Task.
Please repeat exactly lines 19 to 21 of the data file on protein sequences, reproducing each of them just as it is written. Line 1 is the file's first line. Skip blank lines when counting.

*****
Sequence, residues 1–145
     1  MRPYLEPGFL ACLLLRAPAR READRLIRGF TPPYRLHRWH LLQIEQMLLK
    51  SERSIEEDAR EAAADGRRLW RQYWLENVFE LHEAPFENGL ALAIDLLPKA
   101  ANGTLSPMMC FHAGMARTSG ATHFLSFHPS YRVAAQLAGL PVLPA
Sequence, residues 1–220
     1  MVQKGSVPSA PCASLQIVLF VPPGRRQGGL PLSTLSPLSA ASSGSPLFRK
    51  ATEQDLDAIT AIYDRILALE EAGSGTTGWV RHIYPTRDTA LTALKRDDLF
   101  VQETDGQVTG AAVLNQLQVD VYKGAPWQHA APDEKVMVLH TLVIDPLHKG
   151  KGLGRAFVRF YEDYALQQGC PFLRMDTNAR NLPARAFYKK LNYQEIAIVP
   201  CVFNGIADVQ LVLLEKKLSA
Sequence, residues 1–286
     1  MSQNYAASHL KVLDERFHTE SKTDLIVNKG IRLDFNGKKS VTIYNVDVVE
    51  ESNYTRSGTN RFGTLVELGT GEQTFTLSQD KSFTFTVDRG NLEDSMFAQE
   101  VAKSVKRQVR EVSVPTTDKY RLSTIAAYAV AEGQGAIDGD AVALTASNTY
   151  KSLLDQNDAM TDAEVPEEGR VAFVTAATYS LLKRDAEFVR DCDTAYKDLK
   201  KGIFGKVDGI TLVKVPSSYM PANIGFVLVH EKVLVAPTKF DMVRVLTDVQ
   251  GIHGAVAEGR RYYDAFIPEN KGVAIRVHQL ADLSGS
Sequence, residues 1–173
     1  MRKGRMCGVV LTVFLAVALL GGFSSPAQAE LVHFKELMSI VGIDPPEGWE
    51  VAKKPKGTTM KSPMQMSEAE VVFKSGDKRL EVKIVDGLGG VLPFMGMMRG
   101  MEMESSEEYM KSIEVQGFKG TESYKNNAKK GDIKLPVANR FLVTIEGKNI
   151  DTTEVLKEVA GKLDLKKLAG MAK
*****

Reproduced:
     1  MRKGRMCGVV LTVFLAVALL GGFSSPAQAE LVHFKELMSI VGIDPPEGWE
    51  VAKKPKGTTM KSPMQMSEAE VVFKSGDKRL EVKIVDGLGG VLPFMGMMRG
   101  MEMESSEEYM KSIEVQGFKG TESYKNNAKK GDIKLPVANR FLVTIEGKNI